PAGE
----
Liverpool Waters project would damage city: Unesco
A report into the impact of a proposed building project on Liverpool's historic waterfront said it would leave the area "irreversibly damaged".
Unesco inspectors visited the city in November to investigate the impact of the Liverpool Waters development on its world heritage site.
Their report said the scheme would cause a "serious loss of historical authenticity".
Council leader Joe Anderson said the scheme was "vital to our prosperity".
The visit by Unesco considered the plans submitted by Peel Holdings for the £5.5bn Liverpool Waters - which includes offices, shops and restaurants - and the management of the city's Maritime Mercantile City world heritage site.
The site includes much of the city's famous waterfront, including the Three Graces - the Royal Liver Building, the Cunard Building and the Port of Liverpool Building - the Pier Head, the Albert Dock and the Stanley Dock Conservation Area.
The report said that while the scheme had yet to be "properly designed", it would cause "a serious deterioration of [Liverpool's] architectural and town-planning coherence, a serious loss of historical authenticity and an important loss of cultural significance".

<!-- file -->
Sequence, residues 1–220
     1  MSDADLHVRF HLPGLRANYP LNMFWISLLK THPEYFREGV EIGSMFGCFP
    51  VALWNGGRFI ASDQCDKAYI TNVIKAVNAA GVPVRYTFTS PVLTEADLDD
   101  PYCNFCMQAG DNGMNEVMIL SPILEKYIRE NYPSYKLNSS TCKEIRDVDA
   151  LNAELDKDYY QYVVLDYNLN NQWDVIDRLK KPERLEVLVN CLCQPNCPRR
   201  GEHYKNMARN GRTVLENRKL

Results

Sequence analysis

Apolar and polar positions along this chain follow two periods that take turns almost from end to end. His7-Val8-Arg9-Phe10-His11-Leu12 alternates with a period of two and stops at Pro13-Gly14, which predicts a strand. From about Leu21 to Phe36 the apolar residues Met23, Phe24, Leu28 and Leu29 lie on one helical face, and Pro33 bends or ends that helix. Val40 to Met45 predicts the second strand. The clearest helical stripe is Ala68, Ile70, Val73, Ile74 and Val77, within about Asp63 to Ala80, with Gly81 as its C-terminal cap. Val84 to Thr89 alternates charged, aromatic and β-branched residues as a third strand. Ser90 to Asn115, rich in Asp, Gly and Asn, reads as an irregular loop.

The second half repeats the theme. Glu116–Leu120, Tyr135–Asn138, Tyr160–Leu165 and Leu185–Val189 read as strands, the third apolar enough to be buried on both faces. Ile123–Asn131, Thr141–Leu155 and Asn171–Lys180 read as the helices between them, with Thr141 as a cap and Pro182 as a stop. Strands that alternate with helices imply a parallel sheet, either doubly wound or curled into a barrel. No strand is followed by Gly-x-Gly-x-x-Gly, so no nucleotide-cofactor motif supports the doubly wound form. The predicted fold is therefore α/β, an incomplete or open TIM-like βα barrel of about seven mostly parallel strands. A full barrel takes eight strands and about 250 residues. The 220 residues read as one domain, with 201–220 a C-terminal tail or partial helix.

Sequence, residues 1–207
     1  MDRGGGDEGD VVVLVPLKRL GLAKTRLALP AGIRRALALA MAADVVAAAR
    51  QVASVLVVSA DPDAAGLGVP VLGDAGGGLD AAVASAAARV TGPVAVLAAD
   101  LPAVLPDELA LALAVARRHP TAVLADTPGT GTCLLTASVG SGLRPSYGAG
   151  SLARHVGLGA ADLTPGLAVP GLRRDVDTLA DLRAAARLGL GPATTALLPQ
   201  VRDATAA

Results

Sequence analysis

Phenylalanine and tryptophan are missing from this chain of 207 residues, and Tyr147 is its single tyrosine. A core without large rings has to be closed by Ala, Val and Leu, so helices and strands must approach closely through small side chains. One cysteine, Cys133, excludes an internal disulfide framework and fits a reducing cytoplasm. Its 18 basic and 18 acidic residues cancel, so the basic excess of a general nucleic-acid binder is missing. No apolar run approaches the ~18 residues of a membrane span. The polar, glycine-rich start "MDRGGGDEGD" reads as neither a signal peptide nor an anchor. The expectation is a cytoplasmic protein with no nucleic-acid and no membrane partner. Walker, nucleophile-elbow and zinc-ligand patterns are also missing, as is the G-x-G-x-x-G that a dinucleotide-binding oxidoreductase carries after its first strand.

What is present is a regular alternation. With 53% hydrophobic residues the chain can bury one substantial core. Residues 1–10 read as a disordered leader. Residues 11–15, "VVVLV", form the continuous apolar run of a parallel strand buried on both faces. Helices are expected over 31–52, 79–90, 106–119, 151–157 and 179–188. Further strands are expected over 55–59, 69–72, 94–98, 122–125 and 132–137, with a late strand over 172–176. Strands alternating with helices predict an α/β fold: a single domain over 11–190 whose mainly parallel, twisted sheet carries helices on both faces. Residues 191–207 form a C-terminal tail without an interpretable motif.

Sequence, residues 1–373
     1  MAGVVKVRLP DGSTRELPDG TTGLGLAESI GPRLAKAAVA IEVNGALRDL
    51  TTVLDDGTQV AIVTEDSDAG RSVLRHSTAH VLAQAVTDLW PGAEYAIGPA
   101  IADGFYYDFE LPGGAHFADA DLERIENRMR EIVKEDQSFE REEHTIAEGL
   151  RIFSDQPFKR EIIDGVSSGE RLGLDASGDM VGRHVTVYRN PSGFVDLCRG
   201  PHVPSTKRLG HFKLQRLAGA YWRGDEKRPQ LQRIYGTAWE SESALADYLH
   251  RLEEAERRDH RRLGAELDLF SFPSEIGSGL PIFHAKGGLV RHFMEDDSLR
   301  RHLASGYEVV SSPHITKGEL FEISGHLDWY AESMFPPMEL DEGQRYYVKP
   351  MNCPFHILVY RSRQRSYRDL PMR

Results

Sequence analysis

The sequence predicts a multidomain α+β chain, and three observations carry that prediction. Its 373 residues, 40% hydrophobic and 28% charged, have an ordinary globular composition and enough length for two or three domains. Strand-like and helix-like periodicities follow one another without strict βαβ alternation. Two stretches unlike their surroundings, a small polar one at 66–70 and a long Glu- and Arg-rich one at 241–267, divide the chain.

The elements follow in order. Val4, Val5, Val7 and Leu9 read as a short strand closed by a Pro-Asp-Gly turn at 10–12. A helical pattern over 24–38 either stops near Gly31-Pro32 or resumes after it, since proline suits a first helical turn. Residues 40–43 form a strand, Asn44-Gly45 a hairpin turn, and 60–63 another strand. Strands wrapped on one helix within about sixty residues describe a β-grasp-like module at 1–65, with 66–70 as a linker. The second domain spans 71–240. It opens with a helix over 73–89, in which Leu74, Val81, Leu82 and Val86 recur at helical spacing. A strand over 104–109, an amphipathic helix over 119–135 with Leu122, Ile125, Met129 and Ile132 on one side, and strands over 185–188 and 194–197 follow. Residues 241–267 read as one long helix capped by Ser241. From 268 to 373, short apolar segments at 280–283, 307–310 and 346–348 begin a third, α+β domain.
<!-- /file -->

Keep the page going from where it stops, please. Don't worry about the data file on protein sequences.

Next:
It added that a Peel Holdings report into the development had also indicated that "several key views from the north will be blocked by the new developments, while also the hard-won views of the Three Graces from Kings Dock will disappear against a backdrop of supertowers".
The report concluded by saying that Unesco "strongly recommends that the three principal stakeholders - Liverpool City Council, Peel Holdings and English Heritage - reconvene and work out an adjusted scheme".
It said that while the UN cultural body was "fully supportive of the regeneration efforts undertaken by the city council, it will not support the Liverpool Waters scheme in its current outline, as it will be developed at the expense of the city's heritage and its outstanding universal value".
Mr Anderson, the leader of the city council, said he had "always believed there is a way forward which will allow us to redevelop the North Liverpool Docks and secure the massive investment and badly-needed new jobs, and to also preserve our World Heritage status".
"Peel have already made significant alterations to their proposals since drawing up the original plans," he said.
"The plans are vital for the future of what is one the poorest parts of the country and the investment is vital to our city's future prosperity.
"However, we are mindful of the need to build a better future for our city in a careful and sensitive way."
A spokeswoman for English Heritage said that as a "statutory advisor to Liverpool City Council", the charity would be willing to reconvene "if invited".
"We believe that a revised scheme for the central docks could reduce the amount of harm to the site and deliver long-term benefits, which include jobs and growth but also the repair and re-use of historic buildings," she said.
Peel Holdings declined to comment.